Without the three oldest nephews and niece, that left Nick's sister and brother, their spouses, and the two youngest nieces—all of whom had known Katherine for as long as she'd been in Nick's life. She tucked the socks in her bag and made a mark on the supply list before looking up. She'd seen this issue building ever since she'd had to start bowing out of the Christmas gatherings and other family get-togethers. It always happened when her spouse visibly aged beyond her ability to fake her own mortality, and yet none of them ever believed her when she warned them what would happen if they were able to stay together that long.
"Nick, I'm sorry you can't have the holiday with your whole family together, like you want; I really am. I miss your parents, too. They were always good to me, and you know I'll do anything I can to take care of them. But the holiday is for your family, and if I showed up now, you know they'd all spend the week trying to figure out how I'm able to look so young." She started to strike a pose, and managed to switch the movement in a spin toward the bathroom for her toothbrush. She didn't want to rub it in.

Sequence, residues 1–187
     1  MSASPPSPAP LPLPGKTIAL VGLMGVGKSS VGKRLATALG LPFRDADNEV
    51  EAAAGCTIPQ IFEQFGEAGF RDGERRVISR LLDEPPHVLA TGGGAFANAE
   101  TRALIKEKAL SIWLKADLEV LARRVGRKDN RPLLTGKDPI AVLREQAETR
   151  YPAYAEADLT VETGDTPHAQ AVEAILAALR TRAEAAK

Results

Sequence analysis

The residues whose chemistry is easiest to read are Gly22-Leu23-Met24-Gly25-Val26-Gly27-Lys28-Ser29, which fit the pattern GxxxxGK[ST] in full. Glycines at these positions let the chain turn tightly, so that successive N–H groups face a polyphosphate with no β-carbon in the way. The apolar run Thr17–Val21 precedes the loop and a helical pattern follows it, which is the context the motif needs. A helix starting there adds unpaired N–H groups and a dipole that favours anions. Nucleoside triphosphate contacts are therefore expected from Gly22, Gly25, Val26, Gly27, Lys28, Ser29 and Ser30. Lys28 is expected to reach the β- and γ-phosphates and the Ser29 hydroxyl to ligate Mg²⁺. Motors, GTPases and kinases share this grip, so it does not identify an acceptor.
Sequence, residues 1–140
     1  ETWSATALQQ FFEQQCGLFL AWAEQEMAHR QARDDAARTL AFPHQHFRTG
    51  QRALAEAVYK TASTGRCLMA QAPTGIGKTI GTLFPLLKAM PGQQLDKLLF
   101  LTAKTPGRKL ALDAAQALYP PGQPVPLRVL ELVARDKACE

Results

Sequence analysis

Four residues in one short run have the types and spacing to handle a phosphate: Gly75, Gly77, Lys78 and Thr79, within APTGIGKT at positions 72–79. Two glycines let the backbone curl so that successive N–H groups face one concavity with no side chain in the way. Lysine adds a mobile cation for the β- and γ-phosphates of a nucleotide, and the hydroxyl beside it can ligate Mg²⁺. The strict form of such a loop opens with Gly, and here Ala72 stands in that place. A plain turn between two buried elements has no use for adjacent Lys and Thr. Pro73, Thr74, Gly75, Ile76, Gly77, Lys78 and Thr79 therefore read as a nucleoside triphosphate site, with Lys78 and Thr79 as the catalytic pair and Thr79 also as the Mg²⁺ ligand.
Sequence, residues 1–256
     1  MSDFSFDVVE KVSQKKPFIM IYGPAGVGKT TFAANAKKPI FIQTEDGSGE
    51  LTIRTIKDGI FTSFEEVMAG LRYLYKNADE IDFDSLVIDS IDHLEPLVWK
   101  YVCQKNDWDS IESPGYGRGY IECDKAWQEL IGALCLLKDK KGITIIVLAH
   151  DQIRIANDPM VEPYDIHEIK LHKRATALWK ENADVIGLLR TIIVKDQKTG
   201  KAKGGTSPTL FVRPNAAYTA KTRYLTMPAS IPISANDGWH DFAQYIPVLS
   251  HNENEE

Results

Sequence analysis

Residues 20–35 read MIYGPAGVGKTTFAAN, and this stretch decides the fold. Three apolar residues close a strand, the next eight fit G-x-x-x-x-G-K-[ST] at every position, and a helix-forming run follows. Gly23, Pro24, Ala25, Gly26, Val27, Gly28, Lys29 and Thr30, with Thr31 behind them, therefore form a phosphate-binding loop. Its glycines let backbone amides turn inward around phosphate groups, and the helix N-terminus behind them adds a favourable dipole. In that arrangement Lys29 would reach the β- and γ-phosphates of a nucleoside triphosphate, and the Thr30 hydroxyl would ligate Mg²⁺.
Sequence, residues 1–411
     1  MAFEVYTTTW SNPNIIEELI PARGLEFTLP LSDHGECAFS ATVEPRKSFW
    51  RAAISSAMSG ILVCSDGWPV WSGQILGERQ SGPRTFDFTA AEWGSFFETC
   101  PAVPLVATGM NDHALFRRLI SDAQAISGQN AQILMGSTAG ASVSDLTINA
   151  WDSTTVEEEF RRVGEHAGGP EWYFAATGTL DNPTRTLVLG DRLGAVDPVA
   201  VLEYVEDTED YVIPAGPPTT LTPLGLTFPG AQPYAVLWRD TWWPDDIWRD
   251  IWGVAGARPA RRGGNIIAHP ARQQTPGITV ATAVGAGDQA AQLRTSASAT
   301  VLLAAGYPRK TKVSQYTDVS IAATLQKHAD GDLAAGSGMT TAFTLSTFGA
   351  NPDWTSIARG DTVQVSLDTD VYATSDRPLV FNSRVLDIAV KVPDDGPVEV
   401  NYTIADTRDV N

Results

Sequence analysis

"Instead, I'm going to get to put up with everyone subtly trying to figure out if my marriage is falling apart while they rehash every old argument that might be the cause of you shunning them. Yeah, I'm really looking forward to that."
Katherine offered a helpless shrug; there really wasn't anything she could do that wouldn't make things worse. "When I call, I'll assure them that I'm only busy working. That should keep the gossip wolves at bay."
"Gossip," Nick echoed, his gaze sharpening as he seemed to finally notice what she was doing. "Are you sure that's the only reason you're avoiding my family? Maybe you're getting sick of me, too?"
There it was: the reason for Nick's anger manifesting now.
"I thought you said we were going to wait on taking this job until my knee was healed," he continued. "Another week or so…"